four who spoke English, and that he may have spoken to the
defendant at that point. (Id. at 14, 35). Other
testimony indicates that there was some conversation between
at least the defendant and the Hoover police officers,
although the extent or topic of any such conversation is not
clear. (Id. at 107-10, 124). Officer
Acoff did not tell the suspects that they were under arrest
because, according to him, he and Officer Hess were there to
simply investigate and detain the suspects until Officer
Bradford arrived. (Id. at 16-17). Officer Acoff
never recited to the defendant his Miranda rights.
(Id. at 36). Officer Acoff does not know whether
Officer Hess read Miranda rights to the defendant.
four suspects, including the defendant, were escorted from
the property to the right-of-way off I-459; th e distance to
I-459 was approximately several hundred yards. (Doc. 21, p.
31). Although it is not clear how long this walk took,
testimony indicates that it was longer than it took to walk
into the property (i.e., over fifteen minutes), that
defendants were in the woods, that the woods were very steep
and the terrain rough, and there was not an easy way to get
back to I-459. (Id. at 14, 106, 122). Officer
Bradford met Officer Acoff and Officer Hess and the four
suspects on the right-of-way. (Id. at 33).
Bradford guessed that he arrived on the scene around 12:00 or
12:30 p.m. (Id. at 38). Officer Bradford observed
the four suspects seated on the ground and handcuffed.
(Id. at 40). While on the scene, Officer Bradford
took statements from Barton and Officer Acoff.
(Id.). Around this time, Officer Bradford also
contacted Officer Hinkle with Immigrations and Customs
Enforcement (“ICE”). (Doc. 21, pp. 71, 95-96; Do
c. 20-3 (DHS Report)). Officer Bradford took possession of
the four weapons and the backpack. (Doc. 21, pp. 41, 62).
Those weapons were a Winchester Ranger .30-30 (the
“30-30 rifle”); another rifle; and two shotguns.
(Doc. 21, pp. 35, 51-52, 56-57; Do c . 19-12 (Ala. Uniform
Incident/Offense Rep., p. 2)). The backpack contained
approximately 230 bullets. (Doc. 21, p. 51).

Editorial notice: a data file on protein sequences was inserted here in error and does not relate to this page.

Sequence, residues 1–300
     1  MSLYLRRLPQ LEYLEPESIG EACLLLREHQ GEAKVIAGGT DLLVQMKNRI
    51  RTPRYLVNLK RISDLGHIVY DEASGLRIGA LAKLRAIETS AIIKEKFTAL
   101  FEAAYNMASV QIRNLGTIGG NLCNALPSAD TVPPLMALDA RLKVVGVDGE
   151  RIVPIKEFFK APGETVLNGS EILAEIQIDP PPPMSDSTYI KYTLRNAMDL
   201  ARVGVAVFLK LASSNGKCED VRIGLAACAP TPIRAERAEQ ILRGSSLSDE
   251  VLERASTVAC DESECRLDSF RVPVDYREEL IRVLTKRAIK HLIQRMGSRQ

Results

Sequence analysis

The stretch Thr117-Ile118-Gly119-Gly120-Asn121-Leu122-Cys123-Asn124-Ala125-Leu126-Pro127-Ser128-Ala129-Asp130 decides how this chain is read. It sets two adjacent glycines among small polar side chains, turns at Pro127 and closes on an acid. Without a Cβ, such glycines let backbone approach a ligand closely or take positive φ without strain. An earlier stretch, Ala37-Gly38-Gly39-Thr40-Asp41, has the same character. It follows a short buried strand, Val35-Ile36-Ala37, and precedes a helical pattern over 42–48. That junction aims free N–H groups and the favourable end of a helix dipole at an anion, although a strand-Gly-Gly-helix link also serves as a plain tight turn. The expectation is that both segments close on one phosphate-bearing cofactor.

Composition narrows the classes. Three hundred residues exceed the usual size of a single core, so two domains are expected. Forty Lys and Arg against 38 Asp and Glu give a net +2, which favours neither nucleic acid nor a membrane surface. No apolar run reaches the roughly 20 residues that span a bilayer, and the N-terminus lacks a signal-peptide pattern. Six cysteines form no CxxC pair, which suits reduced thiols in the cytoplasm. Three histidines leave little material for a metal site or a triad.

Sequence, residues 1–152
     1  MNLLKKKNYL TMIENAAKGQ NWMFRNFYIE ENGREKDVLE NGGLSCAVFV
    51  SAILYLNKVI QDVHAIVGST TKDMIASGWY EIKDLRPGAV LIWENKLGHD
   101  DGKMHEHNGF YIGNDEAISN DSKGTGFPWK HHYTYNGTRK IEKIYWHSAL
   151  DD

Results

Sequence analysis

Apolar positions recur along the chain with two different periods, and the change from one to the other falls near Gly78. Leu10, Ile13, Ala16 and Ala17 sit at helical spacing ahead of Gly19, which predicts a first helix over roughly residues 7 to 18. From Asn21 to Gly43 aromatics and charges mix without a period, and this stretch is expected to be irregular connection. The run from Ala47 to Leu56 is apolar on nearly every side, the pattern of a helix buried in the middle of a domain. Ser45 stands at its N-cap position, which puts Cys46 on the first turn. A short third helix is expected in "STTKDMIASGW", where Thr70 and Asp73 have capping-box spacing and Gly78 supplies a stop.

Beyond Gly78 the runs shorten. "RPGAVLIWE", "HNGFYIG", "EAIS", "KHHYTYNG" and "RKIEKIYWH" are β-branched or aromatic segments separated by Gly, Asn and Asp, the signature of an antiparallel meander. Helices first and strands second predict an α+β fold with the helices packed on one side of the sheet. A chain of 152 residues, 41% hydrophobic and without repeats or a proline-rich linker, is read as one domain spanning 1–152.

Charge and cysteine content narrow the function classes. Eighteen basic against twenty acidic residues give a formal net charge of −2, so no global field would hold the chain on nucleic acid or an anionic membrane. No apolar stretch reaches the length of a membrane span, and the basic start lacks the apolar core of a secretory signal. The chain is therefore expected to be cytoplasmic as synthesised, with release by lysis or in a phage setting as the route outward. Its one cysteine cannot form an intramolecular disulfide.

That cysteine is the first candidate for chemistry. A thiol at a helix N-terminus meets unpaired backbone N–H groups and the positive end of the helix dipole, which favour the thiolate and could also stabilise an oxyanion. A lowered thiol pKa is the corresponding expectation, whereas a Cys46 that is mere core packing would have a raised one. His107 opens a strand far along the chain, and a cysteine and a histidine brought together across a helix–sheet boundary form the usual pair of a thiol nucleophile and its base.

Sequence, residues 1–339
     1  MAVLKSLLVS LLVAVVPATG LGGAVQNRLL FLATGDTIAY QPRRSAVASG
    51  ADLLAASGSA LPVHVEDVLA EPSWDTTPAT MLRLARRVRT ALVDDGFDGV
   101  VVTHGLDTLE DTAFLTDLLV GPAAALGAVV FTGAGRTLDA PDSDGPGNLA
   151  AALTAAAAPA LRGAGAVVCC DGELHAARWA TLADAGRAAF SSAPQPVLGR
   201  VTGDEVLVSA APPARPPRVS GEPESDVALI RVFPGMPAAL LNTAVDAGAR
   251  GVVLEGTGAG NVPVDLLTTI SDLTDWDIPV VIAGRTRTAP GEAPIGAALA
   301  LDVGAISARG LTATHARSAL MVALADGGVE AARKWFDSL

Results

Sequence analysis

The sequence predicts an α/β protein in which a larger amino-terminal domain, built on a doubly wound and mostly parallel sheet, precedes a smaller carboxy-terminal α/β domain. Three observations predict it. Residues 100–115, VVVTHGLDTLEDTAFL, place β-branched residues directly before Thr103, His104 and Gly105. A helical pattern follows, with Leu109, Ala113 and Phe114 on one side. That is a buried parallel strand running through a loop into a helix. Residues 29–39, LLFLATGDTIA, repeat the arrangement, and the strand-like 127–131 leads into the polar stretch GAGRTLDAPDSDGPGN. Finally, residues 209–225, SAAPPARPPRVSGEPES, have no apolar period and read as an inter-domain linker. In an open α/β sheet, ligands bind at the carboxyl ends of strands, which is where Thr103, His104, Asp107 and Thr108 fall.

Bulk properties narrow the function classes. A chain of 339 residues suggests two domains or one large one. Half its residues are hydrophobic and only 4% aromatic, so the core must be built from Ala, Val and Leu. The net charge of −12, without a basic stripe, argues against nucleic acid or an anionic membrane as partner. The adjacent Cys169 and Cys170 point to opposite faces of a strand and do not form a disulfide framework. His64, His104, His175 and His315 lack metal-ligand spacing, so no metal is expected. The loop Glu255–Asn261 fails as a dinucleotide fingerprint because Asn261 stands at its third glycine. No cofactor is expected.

Bradford testified that he was told by the Hoover police
officers that the four suspects had been found out in the
woods, and the defendant had admitted to shooting two deer.
(Id. at 41-42, 49). Officer Bradford testified that
one of the suspects had deer hair and blood on his clothes.
(Id. at 50). Officer Bradford also determined that
none of the suspects, including the defendant, had a hunting
license. (Doc. 21, pp. 42, 58). Officer Bradford testified
that he did not arrest the four suspects, including the
defendant, that day. (Id. at 43). Instead, Officer
Bradford obtained warrants for the four suspects' arrest
the next business day for hunting without permission, hunting
without a license, hunting without hunter orange, and failure
to possess a buck harvest record. (Id. at 43-44, 53;
Do c. 19-2 (Ala. Uniform Incident/Offense Rep. Supplement);
Do c . 1 9-9 (Evidence Tracking Form)).
Hinkle arrived on the scene right after Officer Bradford
arrived and while Officer Bradford was conducting his
investigation. (Doc. 20-3 (D HS Report); Doc. 21, pp. 18, 55,
71)). It is not entirely clear how much time elapsed from
when the defendant was initially handcuffed until Officer
Hinkle arrived on the scene, however. Officer Hinkle
questioned the four suspects, including the defendant,
regarding their country of birth, country of citizenship,
name, date of birth, and legal status in the United States.
(Doc. 21, pp. 76, 98; Doc 20-3 (D HS Report)). Officer Hinkle
told Officer Bradford that he believed that the four suspects
were unlawfully present in the United States. (Id.
at 55-56). During a search incident to arrest, two rounds of
ammunition were found by Officer Hinkle in the
defendant's right front pocket and twenty-one rounds were
found in his left front pants pocket. (Id. at 57,
63; Doc. 19-9 (Evidence Tracking Form); Do c . 20 -3 (DHS
four suspects were transported to the Office of Homeland
Security in Homewood, Alabama. (Doc. 21, p. 56). While
Officer Bradford was standing with Officer Hinkle at the
Homeland Security Office, Officer Bradford asked the
defendant whether the 30-30 rifle was his, and the defendant
said, “Yes.” (Id. at 62). Officer
Bradford never read the defendant his Miranda
rights. (Id. at 65). The defendant was taken ...